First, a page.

Legal

Trump’s chats with Roger Stone loom over trial’s opening

The prosecution didn't accuse the president of a crime, but did allege he was in direct contact with Stone as the GOP operative sought information about hacked emails.

Roger Stone

President Donald Trump played a role in Roger Stone’s effort to prod WikiLeaks to release damaging emails for Hillary Clinton during the 2016 presidential race, federal prosecutors argued Wednesday in an extraordinary act of defiance toward the White House.

During opening statements at Stone’s trial for lying to Congress in Washington, D.C., the prosecution — which ultimately answers to Trump — stopped short of accusing the president of a crime, but alleged he was in direct contact with Stone as the political provocateur sought information about the release of hacked emails.

The prosecution also bluntly alleged that Stone’s motive in covering up his activities was to benefit Trump and his campaign as they went on to win the White House. Stone is also facing charges that he tampered with a witness in the congressional probe into Russia’s meddling in the 2016 election.

It was a remarkable start to what is expected to be a spectacle-heavy trial. Jurors were also told on Wednesday that the trial will feature Trumpworld characters like Steve Bannon, the ex-Trump campaign adviser and later a top White House aide, who was in touch with Stone during the 2016 election. Bannon initially fought a subpoena for his testimony but recently relented and will appear.

Stone’s defense also offered its first glimpse Wednesday afternoon into how it will fight the government’s charges. In essence, Stone's attorneys argued that their client had no corrupt intent when he testified before Congress and that his interactions with the witness central to the tampering charge were really just harmless discussions between two longtime associates who admittedly had a “strange relationship.”

But it was the prosecution that got the first say in front of the jury Wednesday, accusing Stone of an intentional effort to thwart Congress.

“We are here today because one man obstructed a congressional investigation into Russian interference in the 2016 presidential election,” said Assistant U.S. Attorney Aaron Zelinsky, a veteran of special counsel Robert Mueller’s team, at the outset of the government’s opening statement. “The defendant, Roger Stone, repeatedly lied under oath to a Congressional Committee and then tampered with a witness to cover up his tracks.”

Zelinsky wasted no time mentioning Stone’s longtime friendship with Trump and that Stone’s efforts were aimed at benefiting his political Protégé.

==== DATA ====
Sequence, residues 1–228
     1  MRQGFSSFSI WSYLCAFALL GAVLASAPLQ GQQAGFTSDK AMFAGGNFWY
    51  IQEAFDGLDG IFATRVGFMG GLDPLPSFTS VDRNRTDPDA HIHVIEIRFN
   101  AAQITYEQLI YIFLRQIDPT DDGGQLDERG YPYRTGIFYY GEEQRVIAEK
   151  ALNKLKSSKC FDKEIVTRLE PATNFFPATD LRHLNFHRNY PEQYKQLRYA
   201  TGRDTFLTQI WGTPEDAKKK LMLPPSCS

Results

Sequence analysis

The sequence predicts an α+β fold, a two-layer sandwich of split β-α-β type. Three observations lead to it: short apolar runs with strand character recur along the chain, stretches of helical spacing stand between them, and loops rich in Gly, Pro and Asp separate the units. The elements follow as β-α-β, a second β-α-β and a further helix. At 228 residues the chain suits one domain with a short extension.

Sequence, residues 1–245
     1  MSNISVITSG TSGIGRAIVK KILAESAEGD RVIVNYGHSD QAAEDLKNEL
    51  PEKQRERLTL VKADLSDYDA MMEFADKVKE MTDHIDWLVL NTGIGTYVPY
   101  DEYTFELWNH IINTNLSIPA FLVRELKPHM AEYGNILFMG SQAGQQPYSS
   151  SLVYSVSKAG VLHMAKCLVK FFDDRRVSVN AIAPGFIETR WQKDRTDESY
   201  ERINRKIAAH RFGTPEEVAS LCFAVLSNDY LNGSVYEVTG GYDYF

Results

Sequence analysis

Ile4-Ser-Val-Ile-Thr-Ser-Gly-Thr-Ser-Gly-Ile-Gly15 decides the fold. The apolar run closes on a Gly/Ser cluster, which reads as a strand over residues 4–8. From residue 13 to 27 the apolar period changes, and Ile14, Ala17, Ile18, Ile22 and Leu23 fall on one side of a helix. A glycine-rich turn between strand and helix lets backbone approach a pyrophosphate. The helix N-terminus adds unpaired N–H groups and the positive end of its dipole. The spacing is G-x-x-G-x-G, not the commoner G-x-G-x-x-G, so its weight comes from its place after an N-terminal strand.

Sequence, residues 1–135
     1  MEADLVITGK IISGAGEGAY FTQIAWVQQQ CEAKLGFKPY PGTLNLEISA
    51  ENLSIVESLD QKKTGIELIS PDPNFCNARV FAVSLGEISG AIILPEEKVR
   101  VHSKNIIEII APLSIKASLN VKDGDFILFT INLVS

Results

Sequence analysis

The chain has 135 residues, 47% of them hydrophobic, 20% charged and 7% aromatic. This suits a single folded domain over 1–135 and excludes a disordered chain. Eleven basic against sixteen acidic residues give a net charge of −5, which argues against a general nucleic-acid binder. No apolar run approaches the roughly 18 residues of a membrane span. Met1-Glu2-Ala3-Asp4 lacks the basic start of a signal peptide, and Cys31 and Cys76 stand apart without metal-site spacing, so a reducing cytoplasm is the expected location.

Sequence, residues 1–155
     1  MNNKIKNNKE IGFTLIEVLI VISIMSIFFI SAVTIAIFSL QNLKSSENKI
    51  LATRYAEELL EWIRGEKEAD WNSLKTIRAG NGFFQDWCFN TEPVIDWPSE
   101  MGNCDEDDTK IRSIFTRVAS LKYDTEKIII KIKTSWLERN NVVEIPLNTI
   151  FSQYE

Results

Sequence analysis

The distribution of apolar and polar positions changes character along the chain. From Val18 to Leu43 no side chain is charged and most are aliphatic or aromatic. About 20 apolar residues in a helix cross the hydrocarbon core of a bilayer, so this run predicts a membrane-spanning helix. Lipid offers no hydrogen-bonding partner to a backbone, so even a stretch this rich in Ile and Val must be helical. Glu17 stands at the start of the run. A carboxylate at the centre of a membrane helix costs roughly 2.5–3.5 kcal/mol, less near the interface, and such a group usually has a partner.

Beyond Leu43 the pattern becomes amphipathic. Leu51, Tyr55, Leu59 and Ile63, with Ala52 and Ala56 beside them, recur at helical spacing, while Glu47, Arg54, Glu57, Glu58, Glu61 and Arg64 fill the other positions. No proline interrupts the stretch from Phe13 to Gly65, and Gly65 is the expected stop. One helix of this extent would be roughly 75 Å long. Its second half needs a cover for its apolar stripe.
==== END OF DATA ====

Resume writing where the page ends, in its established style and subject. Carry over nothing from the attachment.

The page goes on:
“The evidence in this case will show that Roger Stone lied to the House Intelligence Committee because the truth looked bad for the Trump campaign and the truth looked bad for Donald Trump,” said Zelinsky.

The prosecution also quickly made plain that Stone was not freelancing, but was in direct contact with Trump and senior campaign officials.

Zelinsky told jurors that in July 2016, as Stone ramped up his efforts to prod WikiLeaks to release damaging emails about Clinton’s campaign, the longtime political provocateur called Trump directly.

“We don’t know the content, [but] they spoke for about 10 minutes on then-candidate Trump’s personal line,” the prosecutor said, adding that the call came two days after WikiLeaks founder Julian Assange had publicly announced his plans to roll out the hacked materials.

In the ensuing weeks, Stone peppered senior Trump aides with urgent messages about a plan to give a dramatic boost to the New York real estate mogul’s presidential campaign.

“I do know how to win this but it ain’t pretty,” Stone told Bannon in an Aug 16, 2016, email shown to jurors Tuesday. It was the first time prosecutors had revealed the message, one of hundreds of communications they said will be shared during the course of the upcoming trial. Bannon's name in particular was mentioned repeatedly throughout the day, raising the stakes for his eventual testimony.

Bannon did not immediately respond to a request for comment.

The jury was also told that Stone also wrote to Trump campaign chairman Paul Manafort with an urgent message.

“I have an idea….to save Trump’s ass,” Stone wrote.

Jurors later heard testimony from a former FBI agent who said that telephone records show Stone apparently speaking to Trump on three occasions in the summer of 2016, around the time Stone took significant steps in his campaign to uncover WikiLeaks' election-year plans.

The government team's repeated invocation of Trump and the Trump campaign is likely to be seen by the president as a provocation. So could the fact that the argument was delivered by a former Mueller prosecutor.

At least three other former members of the Mueller squad — Kyle Freeny, James Quarles and Aaron Zebley — looked on from various spots in the courtroom gallery as Stone’s trial opened.

While the bulk of Zelinsky’s roughly hour-long opening focused on Stone’s alleged defiance of Congress, towards the end the prosecutor said Stone also crudely urged an associate, liberal talk show host Randy Credico, to refuse to cooperate with Mueller’s investigation.

“Tell him to go fuck himself,” Stone told Credico on Jan. 25, 2018, in a text message shown to jurors.